to an agreement with their writers, the others came on air with their own written monologues. Scribe Vibe: Variety’s WGA Strike Blog reported the shows’ ratings on Jan. 3. The Tonight Show with Jay Leno averaged in 7.2 million viewers. It was a 40 percent increase from the show’s season average. Late Show with David Letterman brought in 5.5 million viewers, a 34 percent increase of the season average. A 2.8 million viewership tuned into Late Night with Conan O’Brien. The Late Late Show with Craig Ferguson pulled in 2.2 million viewers. Jimmy Kimmel Live was able to pull in 1.8 million viewers. Hilda Del Rio, a junior graphic design major, is glad to see the talk show hosts back on air. Although she does miss their trademark material. “It shows how important the writers are to a show and how much they are depended upon,” said 20-year-old Del Rio, an Edinburg resident. Even though the popular late shows seem to be doing well without writers, what is becoming of the primetime shows? Heavy hitters such as ABC’s Grey’s Anatomy, FOX’s 24 and NBC’s Heroes are all dwindling a fine line. With each show not being able to fulfill the quota they originally planned for the new seasons, what are the networks to do? CBS and ABC have something planned during these unfortunate times. CBS will air a new season of the summer hit reality television show, Big Brother. Airing the show is a strategic move since it airs three times a week during its regularly scheduled time. It will fill three key primetime spots. Variety reported that ABC is bringing back the reality show The Mole. It has been four years since the show last aired. Will other big networks follow suit by filling in open slots with reality shows? According to an article on MSNBC, FOX, CBS and The CW were all working on ideas for reality shows. Reality television has the stature of being unscripted, but that is not necessarily the case. They still employ writers to carry out a story for the show. These writers are not employed under the WGA which is why many networks are depending on them while the strike continues.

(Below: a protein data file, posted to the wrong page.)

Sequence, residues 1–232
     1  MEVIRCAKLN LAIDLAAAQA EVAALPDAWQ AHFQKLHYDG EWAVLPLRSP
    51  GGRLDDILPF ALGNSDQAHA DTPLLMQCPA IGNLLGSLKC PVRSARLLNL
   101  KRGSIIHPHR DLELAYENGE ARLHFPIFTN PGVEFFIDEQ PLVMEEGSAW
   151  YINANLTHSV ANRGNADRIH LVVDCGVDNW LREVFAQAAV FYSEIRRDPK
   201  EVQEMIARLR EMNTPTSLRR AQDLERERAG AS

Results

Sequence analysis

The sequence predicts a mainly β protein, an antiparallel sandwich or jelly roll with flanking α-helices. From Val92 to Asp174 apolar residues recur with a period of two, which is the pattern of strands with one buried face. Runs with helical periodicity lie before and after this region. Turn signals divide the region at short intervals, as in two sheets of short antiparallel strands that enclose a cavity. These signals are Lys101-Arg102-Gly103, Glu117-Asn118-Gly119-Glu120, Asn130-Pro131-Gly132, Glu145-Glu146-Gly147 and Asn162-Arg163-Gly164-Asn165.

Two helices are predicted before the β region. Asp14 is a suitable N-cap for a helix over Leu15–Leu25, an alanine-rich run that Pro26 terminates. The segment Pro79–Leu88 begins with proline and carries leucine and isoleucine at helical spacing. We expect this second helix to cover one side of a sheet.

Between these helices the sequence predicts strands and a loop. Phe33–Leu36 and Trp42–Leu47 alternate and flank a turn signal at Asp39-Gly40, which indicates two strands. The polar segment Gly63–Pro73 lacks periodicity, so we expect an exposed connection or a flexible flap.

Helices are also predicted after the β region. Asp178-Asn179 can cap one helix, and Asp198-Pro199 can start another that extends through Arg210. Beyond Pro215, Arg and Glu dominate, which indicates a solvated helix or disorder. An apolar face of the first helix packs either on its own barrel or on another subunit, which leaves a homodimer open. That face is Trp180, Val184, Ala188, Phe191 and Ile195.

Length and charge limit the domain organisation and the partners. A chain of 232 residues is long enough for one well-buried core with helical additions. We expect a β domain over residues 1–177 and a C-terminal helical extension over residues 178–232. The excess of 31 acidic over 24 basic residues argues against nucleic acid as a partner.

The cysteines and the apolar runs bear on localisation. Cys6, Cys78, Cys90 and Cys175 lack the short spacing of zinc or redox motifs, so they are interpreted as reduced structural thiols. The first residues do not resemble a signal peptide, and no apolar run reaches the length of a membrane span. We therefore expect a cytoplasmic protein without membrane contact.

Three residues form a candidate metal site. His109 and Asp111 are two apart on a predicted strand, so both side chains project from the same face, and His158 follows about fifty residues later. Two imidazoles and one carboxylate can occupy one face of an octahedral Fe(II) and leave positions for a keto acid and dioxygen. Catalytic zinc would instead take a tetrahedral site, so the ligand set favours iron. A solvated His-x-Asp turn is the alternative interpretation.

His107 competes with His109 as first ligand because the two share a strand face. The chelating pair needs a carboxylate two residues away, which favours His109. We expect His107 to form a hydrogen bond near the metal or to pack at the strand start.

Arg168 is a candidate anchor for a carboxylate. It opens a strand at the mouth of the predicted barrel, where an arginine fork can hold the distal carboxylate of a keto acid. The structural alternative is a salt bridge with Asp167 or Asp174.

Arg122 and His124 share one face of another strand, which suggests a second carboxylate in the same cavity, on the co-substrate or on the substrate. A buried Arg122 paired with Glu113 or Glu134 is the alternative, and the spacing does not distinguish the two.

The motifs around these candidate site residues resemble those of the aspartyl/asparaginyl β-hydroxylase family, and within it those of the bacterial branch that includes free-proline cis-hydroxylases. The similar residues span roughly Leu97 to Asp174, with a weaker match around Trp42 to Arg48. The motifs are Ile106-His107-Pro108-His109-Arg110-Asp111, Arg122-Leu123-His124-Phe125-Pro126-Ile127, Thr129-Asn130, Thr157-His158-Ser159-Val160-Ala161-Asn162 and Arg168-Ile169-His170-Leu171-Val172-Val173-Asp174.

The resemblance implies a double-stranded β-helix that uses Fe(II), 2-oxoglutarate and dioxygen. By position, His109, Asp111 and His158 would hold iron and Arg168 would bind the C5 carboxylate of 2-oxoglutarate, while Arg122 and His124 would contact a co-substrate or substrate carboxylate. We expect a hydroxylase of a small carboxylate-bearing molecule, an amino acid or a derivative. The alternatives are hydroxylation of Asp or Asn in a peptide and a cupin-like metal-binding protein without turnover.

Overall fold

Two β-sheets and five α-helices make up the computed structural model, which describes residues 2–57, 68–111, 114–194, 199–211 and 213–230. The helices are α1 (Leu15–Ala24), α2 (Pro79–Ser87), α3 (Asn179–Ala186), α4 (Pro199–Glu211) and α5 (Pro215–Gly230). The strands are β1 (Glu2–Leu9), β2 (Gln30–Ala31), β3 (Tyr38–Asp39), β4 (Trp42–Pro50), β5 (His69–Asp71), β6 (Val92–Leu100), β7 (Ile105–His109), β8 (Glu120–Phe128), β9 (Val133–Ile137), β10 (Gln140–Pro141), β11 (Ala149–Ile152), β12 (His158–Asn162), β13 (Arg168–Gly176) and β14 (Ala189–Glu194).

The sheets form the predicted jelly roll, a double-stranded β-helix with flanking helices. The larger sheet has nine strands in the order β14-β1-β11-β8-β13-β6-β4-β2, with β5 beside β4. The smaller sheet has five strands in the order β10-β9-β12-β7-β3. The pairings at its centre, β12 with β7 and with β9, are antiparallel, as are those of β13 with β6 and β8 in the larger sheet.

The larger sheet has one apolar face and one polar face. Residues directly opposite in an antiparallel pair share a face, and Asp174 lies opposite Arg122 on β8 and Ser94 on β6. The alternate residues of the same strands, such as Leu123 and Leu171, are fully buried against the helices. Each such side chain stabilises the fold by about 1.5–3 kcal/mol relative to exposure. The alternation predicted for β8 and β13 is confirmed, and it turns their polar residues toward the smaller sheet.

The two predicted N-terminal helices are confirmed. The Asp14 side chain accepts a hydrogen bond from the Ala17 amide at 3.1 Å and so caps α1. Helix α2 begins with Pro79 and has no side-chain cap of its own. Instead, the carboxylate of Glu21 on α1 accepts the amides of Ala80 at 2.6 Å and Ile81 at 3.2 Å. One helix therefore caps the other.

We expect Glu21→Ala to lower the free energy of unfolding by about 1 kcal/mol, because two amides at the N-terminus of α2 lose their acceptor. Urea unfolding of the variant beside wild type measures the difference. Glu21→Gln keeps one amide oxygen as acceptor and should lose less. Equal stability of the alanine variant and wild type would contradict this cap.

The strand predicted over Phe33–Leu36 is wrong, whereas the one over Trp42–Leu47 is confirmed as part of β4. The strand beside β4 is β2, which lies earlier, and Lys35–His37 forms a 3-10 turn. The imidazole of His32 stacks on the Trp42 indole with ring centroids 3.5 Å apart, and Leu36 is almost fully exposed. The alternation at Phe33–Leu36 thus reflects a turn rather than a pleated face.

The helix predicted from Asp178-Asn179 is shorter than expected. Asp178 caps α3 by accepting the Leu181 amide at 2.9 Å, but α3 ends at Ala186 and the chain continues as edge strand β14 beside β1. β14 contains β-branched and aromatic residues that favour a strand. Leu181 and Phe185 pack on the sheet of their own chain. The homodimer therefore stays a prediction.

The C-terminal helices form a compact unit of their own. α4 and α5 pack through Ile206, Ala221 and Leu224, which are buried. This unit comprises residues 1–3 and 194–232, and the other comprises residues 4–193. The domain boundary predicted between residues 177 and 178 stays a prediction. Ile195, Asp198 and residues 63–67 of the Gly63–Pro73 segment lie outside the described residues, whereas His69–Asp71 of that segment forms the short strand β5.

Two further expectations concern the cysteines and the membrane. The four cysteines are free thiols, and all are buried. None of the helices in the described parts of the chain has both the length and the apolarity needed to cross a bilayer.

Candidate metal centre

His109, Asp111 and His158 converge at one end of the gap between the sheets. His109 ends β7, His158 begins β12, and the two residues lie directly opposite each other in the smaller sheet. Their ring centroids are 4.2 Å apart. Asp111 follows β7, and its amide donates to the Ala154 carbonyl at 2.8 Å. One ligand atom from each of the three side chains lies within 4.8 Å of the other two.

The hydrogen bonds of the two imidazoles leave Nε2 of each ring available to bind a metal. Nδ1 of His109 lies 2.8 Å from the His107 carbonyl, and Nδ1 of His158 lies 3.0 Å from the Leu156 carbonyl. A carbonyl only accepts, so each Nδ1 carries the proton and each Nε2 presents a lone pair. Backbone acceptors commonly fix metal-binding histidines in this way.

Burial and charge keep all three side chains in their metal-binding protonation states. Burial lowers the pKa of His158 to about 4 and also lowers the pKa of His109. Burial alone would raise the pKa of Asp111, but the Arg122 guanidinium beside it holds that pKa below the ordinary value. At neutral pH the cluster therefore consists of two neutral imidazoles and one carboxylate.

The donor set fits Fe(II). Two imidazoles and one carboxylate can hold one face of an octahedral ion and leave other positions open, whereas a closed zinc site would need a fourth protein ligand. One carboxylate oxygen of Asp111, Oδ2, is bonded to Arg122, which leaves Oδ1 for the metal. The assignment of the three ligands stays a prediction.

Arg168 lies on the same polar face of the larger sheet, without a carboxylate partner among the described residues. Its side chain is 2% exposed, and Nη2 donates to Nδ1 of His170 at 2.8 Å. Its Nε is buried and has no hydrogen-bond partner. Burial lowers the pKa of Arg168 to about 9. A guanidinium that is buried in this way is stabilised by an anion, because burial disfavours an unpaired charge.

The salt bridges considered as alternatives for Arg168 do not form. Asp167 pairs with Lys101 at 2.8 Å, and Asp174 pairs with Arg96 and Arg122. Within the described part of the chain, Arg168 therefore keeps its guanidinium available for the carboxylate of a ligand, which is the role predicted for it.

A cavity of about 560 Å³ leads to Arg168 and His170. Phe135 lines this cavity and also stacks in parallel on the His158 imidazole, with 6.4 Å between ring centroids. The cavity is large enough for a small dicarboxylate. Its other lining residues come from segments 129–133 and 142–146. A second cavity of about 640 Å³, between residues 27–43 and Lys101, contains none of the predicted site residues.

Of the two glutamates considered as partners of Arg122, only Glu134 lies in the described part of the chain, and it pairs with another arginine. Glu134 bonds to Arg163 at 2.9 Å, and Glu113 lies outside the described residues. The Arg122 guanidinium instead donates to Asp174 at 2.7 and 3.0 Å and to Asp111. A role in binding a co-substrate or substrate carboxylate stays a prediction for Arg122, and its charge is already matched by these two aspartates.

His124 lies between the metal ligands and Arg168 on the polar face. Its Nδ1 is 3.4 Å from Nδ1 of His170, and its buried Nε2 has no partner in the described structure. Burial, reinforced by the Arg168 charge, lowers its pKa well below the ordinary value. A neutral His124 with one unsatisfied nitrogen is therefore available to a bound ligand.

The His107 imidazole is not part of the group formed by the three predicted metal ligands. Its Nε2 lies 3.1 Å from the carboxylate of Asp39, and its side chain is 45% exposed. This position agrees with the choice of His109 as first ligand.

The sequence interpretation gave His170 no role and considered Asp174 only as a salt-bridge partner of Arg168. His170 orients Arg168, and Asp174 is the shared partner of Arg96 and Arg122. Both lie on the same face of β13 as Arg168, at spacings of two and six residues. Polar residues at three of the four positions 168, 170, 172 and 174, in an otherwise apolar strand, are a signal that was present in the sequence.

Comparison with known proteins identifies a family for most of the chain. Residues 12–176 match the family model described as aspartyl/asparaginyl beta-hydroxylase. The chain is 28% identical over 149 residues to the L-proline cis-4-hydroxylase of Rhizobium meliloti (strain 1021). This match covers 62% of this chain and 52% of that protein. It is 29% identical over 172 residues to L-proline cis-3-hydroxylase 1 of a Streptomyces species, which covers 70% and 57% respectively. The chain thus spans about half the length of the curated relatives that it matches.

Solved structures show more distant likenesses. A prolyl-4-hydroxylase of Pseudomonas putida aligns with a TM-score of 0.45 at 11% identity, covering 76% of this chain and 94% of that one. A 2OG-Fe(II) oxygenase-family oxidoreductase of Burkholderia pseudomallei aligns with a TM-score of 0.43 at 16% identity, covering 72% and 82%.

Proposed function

The thought of reality shows filling primetime isn’t a pleasant sight to all. “I think that people, including myself, will become annoyed because it is going to be one reality show after another. There is only so much a person can take of those kind of shows,” said 20-year-old sophomore management major, Chelsea Lyssy. Junior and undeclared major, Jaime Villarreal, 20, said the networks are pushing reality television to the limit and it is getting out of hand. “American Idol is fine, but do people really want to see Snoop Dog raising his kids,” said the Edinburg resident. The strike has affected some of entertainment’s significant showcases. The People’s Choice Awards turned from a glamorous night to a two-hour pretaped event and the ratings were roughly less than half than last year’s. Acceptance speeches were pretaped. Joaquin Phoenix used cue cards to make his speed. The cards read, “I’m speechless without the writers. Seriously.” The Golden Globes were canceled at the beginning of the month. Instead on Jan. 13 the awards show aired in a news conference format. The music industry’s popular award show, the Grammys, is now on the radar to be boycotted. No comment has been released by the Record Academy. “The union is killing everything,” said Mann. As shows begin to return from their hiatuses, networks will air the last bunch of their new episodes. The question that arises is what will the fans’ reactions be knowing that their favorite shows will end sooner than expected. Nikita Peña, 20, a sophomore public relations major and an avid watcher of Grey’s Anatomy, Private Practice and Gossip Girl, hopes the WGA will come to an agreement. “I would be upset if the alternative happened and the shows were cancelled because production companies wouldn’t be willing to negotiate a deal,” said the Rio Grande City native. Cynthia Saenz, a sophomore broadcast major and fan of The Hills and America’s Next Top Model, said she doesn’t see why the production companies won’t give the writer’s fair pay. “Without the writers, there is no show,” said 21year-old Saenz.